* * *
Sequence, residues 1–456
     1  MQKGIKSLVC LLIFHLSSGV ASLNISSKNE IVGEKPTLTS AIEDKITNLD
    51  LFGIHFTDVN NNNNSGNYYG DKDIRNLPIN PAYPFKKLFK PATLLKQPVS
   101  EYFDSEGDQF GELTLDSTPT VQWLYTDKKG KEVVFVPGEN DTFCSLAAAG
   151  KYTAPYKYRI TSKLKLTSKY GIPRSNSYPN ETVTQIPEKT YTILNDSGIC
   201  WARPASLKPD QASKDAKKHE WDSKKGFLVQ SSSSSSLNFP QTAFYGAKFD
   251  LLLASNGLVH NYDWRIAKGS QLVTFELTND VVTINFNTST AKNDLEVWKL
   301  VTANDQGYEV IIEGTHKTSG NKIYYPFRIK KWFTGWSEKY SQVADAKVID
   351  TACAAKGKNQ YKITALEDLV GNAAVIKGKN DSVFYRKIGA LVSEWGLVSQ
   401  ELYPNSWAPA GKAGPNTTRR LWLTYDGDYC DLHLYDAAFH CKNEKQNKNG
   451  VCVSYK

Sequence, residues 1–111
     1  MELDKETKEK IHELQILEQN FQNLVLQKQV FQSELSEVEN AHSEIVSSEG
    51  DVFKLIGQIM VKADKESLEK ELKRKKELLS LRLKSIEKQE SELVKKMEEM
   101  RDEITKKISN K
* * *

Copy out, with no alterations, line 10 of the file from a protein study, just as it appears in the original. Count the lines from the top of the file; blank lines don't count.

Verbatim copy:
   401  ELYPNSWAPA GKAGPNTTRR LWLTYDGDYC DLHLYDAAFH CKNEKQNKNG